The Netherlands has restricted the number of working migrants it will accept
from the 10 eastern and southern European countries joining the European Union
(EU) this May to 22,000.
The announcement is the latest in a string of such caps imposed by existing
member states (made by Austria, Belgium, France, Germany and Spain), ahead of
the expansion of the EU.
They have taken advantage of a transition rule allowing them to restrict the
movement of citizens from the new member countries until May 2006.
So far, only Britain and Ireland have said that they will fully open their
labour markets to these new EU citizens.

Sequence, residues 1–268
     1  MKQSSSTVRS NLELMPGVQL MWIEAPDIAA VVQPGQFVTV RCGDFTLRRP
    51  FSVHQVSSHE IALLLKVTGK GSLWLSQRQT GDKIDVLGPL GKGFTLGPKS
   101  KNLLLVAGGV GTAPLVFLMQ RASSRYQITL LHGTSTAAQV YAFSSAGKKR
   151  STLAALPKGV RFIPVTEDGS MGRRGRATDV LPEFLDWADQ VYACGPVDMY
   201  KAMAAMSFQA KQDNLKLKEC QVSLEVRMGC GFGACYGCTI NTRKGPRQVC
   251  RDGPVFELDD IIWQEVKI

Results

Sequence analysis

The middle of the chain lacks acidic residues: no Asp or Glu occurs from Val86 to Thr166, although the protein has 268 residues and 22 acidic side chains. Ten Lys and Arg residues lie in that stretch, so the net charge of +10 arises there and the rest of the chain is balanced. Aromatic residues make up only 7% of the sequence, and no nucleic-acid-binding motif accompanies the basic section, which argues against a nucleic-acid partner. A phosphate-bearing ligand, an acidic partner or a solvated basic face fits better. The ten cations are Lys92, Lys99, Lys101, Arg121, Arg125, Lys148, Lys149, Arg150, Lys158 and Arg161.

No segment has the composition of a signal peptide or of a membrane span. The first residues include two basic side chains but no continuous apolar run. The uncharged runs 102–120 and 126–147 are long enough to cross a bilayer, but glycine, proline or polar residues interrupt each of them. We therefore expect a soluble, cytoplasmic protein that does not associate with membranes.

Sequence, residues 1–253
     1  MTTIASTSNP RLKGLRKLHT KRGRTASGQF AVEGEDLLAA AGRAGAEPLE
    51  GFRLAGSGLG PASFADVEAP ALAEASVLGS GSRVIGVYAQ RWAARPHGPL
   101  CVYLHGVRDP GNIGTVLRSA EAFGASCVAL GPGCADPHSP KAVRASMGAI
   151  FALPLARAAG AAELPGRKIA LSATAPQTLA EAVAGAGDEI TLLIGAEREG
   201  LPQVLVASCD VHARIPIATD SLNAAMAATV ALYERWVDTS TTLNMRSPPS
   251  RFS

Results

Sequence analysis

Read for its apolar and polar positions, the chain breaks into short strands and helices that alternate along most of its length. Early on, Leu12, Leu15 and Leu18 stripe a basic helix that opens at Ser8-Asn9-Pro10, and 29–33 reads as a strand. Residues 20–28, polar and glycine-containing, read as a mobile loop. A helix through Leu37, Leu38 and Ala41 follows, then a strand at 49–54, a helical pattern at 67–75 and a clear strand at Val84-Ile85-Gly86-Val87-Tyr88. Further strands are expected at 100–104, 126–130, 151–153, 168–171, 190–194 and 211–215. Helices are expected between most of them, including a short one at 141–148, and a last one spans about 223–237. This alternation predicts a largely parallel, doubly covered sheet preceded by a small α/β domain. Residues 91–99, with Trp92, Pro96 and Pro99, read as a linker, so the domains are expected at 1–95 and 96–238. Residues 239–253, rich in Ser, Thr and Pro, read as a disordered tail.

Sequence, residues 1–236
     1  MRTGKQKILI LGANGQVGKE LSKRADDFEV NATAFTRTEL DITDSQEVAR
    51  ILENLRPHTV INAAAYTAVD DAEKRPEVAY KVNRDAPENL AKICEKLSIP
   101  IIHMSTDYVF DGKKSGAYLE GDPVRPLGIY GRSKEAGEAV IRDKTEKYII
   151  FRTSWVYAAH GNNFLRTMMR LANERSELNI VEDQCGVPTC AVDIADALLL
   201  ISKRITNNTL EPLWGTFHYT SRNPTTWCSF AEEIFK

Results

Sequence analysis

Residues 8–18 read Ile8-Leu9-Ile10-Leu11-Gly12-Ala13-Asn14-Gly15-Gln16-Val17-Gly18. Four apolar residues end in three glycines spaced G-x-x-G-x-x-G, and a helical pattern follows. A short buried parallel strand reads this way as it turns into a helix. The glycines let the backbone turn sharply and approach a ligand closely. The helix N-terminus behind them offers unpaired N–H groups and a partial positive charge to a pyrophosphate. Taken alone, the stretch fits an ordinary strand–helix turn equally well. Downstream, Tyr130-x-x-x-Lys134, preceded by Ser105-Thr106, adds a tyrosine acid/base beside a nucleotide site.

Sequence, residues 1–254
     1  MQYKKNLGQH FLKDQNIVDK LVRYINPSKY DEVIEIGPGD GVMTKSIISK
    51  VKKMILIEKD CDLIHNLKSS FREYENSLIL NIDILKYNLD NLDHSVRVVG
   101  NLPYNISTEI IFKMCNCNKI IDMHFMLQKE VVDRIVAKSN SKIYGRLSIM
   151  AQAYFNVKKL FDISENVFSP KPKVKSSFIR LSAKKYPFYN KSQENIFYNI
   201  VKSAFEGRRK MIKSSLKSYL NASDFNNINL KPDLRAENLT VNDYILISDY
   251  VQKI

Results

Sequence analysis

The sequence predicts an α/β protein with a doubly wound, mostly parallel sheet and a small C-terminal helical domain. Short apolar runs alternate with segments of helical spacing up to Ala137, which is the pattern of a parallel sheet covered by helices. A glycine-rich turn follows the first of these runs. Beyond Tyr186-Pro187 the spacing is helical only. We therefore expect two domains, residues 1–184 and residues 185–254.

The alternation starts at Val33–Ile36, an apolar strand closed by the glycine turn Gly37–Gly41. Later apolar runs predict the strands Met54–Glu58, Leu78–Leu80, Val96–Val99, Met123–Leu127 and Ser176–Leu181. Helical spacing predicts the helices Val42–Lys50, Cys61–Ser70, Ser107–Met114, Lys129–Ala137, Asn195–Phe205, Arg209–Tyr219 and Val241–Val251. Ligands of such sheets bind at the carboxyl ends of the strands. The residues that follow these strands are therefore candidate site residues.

The Dutch decision reverses The Netherlands’ previous laissez faire stance.
Dutch ex-patriot website Expatica.com reported deputy prime minister Gerrit
Zalm as having said that Dutch borders would "be opened, but not
His centre-right coalition particularly wants to deter large numbers of
Poles moving to The Netherlands, said the website, although the Dutch
Government has promised to review the cap in May 2005 if the limit is reached
in the meantime.
Denmark and Finland are also expected to restrict eastern European
immigration over the next two years.